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Bayesian hybrid index and genomic cline estimation with the R package gghybrid
  • Richard Bailey
Richard Bailey
University of Lodz

Corresponding Author:[email protected]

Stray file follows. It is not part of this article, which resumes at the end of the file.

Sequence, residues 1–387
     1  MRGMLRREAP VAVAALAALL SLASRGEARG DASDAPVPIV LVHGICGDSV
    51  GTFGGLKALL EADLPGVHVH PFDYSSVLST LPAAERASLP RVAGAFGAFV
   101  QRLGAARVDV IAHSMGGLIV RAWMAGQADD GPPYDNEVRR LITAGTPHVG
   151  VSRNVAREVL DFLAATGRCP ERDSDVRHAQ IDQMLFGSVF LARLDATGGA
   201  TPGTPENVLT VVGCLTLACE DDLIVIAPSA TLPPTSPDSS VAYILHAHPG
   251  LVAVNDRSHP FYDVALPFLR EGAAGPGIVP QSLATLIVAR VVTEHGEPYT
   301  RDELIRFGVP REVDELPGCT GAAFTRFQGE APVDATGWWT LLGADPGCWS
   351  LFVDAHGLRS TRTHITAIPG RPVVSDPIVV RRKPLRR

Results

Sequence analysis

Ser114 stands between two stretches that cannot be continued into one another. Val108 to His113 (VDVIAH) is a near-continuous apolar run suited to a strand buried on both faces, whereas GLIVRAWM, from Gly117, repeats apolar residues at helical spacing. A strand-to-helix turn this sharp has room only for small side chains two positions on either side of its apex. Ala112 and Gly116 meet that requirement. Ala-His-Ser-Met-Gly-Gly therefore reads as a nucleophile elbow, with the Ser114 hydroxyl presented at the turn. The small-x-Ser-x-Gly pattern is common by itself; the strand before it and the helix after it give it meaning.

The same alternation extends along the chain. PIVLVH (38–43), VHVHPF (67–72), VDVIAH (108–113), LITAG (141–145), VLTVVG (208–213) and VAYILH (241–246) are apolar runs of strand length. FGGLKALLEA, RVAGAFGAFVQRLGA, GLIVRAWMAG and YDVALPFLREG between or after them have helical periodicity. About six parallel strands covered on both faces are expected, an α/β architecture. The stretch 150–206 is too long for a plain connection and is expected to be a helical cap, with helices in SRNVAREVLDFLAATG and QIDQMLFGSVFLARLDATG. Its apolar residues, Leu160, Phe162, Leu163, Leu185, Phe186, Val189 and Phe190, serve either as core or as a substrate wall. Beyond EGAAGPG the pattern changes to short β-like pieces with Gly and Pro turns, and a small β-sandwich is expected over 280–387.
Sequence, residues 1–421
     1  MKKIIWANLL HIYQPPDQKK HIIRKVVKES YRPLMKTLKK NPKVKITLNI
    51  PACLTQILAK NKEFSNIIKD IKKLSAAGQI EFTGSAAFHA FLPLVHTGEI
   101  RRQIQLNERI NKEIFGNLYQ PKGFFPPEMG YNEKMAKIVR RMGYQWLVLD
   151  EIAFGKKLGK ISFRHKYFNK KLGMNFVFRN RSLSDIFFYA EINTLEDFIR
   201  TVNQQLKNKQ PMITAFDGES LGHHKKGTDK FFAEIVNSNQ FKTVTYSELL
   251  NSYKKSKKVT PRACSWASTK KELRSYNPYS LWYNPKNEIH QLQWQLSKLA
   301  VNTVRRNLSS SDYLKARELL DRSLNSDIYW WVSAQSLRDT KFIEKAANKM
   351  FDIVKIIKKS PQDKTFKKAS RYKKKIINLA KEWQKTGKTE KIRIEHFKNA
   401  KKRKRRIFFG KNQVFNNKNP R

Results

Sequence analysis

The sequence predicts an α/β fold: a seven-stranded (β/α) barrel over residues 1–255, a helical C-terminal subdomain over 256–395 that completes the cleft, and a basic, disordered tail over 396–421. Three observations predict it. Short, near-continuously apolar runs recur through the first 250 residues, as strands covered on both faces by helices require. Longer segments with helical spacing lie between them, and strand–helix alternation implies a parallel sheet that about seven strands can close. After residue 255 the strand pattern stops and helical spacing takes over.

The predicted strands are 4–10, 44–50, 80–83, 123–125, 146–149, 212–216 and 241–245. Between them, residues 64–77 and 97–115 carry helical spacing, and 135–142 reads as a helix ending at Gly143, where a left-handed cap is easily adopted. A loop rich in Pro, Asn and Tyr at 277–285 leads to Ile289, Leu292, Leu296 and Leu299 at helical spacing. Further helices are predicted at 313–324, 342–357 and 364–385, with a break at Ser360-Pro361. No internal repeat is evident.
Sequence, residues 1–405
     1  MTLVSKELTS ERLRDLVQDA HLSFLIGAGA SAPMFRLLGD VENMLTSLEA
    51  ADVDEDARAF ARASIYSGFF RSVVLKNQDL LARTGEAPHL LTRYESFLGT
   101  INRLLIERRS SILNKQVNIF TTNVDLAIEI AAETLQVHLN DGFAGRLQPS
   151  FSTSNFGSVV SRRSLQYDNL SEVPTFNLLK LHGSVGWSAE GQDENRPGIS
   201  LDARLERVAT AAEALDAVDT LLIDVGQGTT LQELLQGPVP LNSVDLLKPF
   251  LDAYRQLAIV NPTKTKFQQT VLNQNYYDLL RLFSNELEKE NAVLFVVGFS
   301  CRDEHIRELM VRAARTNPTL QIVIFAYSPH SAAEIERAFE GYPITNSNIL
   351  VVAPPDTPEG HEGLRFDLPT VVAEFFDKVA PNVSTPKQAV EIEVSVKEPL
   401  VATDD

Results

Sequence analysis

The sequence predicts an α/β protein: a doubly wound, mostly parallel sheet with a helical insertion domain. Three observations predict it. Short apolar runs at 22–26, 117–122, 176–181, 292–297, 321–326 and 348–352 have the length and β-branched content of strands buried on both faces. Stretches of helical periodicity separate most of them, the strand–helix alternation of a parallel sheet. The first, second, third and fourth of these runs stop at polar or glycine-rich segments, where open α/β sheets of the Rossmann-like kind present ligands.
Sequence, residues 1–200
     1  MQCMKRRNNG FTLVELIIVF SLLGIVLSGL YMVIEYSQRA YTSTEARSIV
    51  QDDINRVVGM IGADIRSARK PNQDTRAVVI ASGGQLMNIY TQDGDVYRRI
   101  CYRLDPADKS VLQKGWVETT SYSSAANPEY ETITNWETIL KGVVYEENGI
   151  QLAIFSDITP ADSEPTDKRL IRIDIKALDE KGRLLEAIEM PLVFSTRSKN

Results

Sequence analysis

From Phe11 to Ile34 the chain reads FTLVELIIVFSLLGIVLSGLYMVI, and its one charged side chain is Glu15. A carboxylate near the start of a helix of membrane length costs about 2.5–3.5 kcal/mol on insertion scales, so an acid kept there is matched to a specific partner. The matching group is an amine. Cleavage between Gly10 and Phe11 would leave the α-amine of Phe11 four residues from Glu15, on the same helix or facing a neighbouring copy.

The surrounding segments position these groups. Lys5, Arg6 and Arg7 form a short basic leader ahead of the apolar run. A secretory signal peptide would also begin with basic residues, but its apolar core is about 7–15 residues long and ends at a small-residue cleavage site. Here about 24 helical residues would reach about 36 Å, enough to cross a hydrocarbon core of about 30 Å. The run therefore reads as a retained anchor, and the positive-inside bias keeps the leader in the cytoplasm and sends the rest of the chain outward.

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Admixture, the creation of individuals with combined genomic material from multiple differentiated source populations, is now known to be a dominant evolutionary force. Admixture increases polymorphism and can generate novel phenotypes and selection pressures, often leading to both novel adaptation and reproductively isolated hybrid taxa. When a large variety of recombinant types and admixture proportions between two source populations exist, both geographic and genomic cline analysis are suitable methods for inferring biased, restricted, or excessive gene flow at individual loci into the foreign genomic background. Hence, cline analysis can provide evidence for reproductive isolation, selection across an environmental transition, balancing selection, and adaptive introgression, in natural hybridizing populations. Of the two cline methods, genomic cline analysis has fewer assumptions and is suitable in a wider variety of circumstances. Here, I introduce gghybrid, an R package for Bayesian estimation of genome-wide hybrid index and locus-specific genomic clines using bi-allelic data, suitable for both small and large datasets. gghybrid uses Buerkle's likelihood formula to estimate hybrid index and Fitzpatrick's logit-logistic genomic cline function to infer restricted, extreme, or biased gene flow. It employs the commonly available Structure file format for data input, is highly parallelizable, and allows use of admixture proportions estimated from other software. Parameters can be pooled across test subjects, or their values fixed, and model comparison carried out using both AIC and waic. Here, I describe the functions, pipeline, and statistical properties of gghybrid.